The sweet shops in my colony are extremely popular. They’re sad and joyful in their own special ways, but have an aura that belongs to “Rajinder Nagar” and not “Old” or “New”. Remind me to take you for a treat to these places the next time that you pay me a visit.
1.       Sindh Sweets
Sindh Sweets is the most popular sweets shop in Rajinder Nagar. Popularly known as “Sindhi”, it is easily spotted among the various shops at Shankar Road Market. It’s owned by two old men who, just like me, believe that gray hair looks classy. They sit wearing a pair of white kurta pajama, issuing receipts to customers who take their purchases from the various counters. The sweet shop was reviewed on NDTV Metro Nation’s Feeding Frenzy once. That was the day when I stopped trusting the show’s choice of eating places. Not because Sindh Sweets is bad, but because it’s just like any other random sweet shop. I don’t see the point in why anyone with long hair, pierced ears and a goatee would go to review the halva and rabri Sindhi sells to residents of Rajinder Nagar.
People who visit our house often get sweets from Sindh Sweets since it’s just a minute away from my house. And, that’s exactly the reason why I’m asked to rush to Sindhi and get dhokla, khandvi and other such snack items for the visiting guests. I have studied the food inflation trend by purchasing paneer from Sindhi since we shifted to Rajinder Nagar seven years back.
A few weeks back, I was coming back home from the office when the sight of hot jalebis being made caught my attention at Shankar Road. I wanted to buy just enough for my sister and I. I went inside and the conversation that followed was such:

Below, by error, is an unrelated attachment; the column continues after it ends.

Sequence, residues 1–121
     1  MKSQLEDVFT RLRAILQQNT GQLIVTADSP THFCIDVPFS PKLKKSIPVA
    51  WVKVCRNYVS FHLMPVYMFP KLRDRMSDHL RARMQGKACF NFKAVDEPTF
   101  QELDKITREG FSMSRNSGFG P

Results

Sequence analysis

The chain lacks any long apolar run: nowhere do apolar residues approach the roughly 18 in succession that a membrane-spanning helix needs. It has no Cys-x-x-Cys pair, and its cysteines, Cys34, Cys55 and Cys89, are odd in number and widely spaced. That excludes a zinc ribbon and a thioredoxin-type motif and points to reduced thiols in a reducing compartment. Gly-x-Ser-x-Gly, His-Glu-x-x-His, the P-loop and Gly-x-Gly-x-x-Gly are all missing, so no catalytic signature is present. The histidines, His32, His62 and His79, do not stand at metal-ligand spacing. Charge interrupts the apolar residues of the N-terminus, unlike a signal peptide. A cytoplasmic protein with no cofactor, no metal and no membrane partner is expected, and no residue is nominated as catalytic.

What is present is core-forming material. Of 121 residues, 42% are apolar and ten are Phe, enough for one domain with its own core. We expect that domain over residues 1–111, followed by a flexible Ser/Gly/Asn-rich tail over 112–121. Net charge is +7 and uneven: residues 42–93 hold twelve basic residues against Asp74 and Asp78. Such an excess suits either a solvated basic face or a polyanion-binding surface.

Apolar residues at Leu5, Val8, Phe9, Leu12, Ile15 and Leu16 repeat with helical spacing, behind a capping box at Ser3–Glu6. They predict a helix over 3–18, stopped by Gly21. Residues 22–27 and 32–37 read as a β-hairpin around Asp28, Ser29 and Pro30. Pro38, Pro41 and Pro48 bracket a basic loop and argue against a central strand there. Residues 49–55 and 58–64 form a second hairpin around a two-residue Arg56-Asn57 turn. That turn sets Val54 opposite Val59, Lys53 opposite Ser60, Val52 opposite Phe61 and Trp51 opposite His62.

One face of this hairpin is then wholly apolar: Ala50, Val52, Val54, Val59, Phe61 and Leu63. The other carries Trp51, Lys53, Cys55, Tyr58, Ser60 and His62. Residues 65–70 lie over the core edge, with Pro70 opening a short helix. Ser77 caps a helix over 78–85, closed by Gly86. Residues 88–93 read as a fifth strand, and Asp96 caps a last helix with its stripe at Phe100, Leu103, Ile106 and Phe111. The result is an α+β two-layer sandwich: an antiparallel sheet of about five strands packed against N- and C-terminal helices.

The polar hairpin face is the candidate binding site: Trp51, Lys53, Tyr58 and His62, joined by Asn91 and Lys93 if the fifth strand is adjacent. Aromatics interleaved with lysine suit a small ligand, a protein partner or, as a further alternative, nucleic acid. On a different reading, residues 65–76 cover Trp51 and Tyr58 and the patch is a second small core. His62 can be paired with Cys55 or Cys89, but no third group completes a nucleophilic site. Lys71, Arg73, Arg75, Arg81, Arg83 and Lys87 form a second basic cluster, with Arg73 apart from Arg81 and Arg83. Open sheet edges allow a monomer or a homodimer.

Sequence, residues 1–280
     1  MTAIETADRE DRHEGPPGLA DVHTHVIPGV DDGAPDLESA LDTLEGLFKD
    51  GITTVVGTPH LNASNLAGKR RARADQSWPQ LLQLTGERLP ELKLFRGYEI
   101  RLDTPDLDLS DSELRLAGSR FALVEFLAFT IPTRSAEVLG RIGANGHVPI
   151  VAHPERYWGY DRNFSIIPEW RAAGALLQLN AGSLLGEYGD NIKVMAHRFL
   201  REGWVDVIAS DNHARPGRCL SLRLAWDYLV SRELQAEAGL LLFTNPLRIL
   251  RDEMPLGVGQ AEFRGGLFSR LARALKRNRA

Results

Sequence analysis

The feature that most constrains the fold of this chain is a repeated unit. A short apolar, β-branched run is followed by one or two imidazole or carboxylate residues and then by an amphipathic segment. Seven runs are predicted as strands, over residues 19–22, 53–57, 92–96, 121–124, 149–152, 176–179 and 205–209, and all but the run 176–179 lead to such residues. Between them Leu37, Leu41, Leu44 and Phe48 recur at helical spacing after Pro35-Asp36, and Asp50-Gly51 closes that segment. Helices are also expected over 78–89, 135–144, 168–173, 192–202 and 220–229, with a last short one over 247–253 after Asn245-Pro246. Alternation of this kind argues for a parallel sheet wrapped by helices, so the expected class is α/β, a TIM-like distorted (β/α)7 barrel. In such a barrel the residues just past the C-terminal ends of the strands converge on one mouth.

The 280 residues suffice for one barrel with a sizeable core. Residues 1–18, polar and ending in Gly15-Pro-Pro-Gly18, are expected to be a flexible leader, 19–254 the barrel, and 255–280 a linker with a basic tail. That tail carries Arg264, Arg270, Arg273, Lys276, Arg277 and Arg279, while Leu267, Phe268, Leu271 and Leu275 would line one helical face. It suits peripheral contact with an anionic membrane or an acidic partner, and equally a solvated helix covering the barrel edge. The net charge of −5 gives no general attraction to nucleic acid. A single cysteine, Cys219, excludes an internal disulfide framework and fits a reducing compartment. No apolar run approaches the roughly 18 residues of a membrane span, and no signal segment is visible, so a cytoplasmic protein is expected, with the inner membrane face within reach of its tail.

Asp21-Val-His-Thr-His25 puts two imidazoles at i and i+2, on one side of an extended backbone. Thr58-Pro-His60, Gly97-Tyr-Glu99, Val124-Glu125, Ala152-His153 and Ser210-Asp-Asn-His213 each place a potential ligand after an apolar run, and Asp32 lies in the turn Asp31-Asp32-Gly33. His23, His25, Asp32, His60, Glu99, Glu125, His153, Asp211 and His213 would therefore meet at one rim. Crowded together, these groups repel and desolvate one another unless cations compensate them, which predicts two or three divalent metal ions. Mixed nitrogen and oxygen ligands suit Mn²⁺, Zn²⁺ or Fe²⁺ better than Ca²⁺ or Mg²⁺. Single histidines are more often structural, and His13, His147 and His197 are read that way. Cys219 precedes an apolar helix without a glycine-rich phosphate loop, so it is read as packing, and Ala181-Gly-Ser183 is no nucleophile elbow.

“Uncle, bas sau gram jalebi chahiye.”
“Chauda rupaye do.”
I gave him a ten rupee note with the perfect amount of change for the balance.
“Yeh kya dus rupaye ka note hai? Side se phata hua hai. Doosra de.”
“Uncle, phir hundred ka note hoga”, and I handed him a hundred rupee note.
“Chhutte paise laate nahi hain, sau gram mithai lenge”, he said, as he gave me the receipt for the jalebis with the balance amount.
“Uncle, aapne toh bilkul phata hua note diya hai. Aap mujhe toh keh rahe the chalega nahi, ab main yeh note kaise chalaunga?”
“Dimaag hai tujhme ya nahi? Chhutte paise laaya kar itne nakhre karne hain toh.”
I quietly took the change and picked up my jalebis to leave. What stopped me from playing a Raghu Ram on the sets of Roadies was a little lesson that I learnt at the age when I played Ring-a-ring-a-roses and would be asked to recite Humpty Dumpty in front of all the guests who’d visit us on a Sunday afternoon: Respect your elders.
So, I went back home and dug into the jalebis, which tasted of rose. Trust me when I say that it’s not a good taste. Their recipe for jalebis had rose water as a prime ingredient. It just took away all the fun from the whole experience of munching on piping hot orange jalebis.